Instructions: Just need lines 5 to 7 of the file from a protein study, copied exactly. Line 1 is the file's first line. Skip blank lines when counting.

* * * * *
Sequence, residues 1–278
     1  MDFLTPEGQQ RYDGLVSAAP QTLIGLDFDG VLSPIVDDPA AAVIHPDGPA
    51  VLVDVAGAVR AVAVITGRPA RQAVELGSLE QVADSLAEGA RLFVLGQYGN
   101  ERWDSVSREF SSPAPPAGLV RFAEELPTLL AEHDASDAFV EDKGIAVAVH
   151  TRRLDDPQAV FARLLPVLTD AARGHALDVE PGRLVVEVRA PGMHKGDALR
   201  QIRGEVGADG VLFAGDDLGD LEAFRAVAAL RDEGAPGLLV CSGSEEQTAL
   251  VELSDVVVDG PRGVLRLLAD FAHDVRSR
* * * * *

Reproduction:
   151  TRRLDDPQAV FARLLPVLTD AARGHALDVE PGRLVVEVRA PGMHKGDALR
   201  QIRGEVGADG VLFAGDDLGD LEAFRAVAAL RDEGAPGLLV CSGSEEQTAL
   251  VELSDVVVDG PRGVLRLLAD FAHDVRSR